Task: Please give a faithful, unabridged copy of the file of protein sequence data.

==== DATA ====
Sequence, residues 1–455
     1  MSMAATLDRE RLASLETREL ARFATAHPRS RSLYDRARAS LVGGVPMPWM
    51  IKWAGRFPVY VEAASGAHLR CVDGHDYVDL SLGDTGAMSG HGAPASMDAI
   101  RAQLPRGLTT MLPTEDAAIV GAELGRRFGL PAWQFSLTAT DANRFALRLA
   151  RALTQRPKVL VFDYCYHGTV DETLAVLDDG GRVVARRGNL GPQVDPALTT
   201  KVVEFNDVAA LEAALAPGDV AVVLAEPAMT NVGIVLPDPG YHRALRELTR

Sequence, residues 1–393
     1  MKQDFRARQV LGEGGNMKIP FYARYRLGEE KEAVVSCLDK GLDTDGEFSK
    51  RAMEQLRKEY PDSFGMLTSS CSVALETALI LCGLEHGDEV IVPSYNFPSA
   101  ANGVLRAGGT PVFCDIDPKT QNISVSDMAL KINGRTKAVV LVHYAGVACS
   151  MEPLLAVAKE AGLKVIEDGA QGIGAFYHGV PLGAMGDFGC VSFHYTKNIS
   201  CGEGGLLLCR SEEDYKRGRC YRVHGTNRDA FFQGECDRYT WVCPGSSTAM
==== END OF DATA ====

Sequence, residues 1–455
     1  MSMAATLDRE RLASLETREL ARFATAHPRS RSLYDRARAS LVGGVPMPWM
    51  IKWAGRFPVY VEAASGAHLR CVDGHDYVDL SLGDTGAMSG HGAPASMDAI
   101  RAQLPRGLTT MLPTEDAAIV GAELGRRFGL PAWQFSLTAT DANRFALRLA
   151  RALTQRPKVL VFDYCYHGTV DETLAVLDDG GRVVARRGNL GPQVDPALTT
   201  KVVEFNDVAA LEAALAPGDV AVVLAEPAMT NVGIVLPDPG YHRALRELTR

Sequence, residues 1–393
     1  MKQDFRARQV LGEGGNMKIP FYARYRLGEE KEAVVSCLDK GLDTDGEFSK
    51  RAMEQLRKEY PDSFGMLTSS CSVALETALI LCGLEHGDEV IVPSYNFPSA
   101  ANGVLRAGGT PVFCDIDPKT QNISVSDMAL KINGRTKAVV LVHYAGVACS
   151  MEPLLAVAKE AGLKVIEDGA QGIGAFYHGV PLGAMGDFGC VSFHYTKNIS
   201  CGEGGLLLCR SEEDYKRGRC YRVHGTNRDA FFQGECDRYT WVCPGSSTAM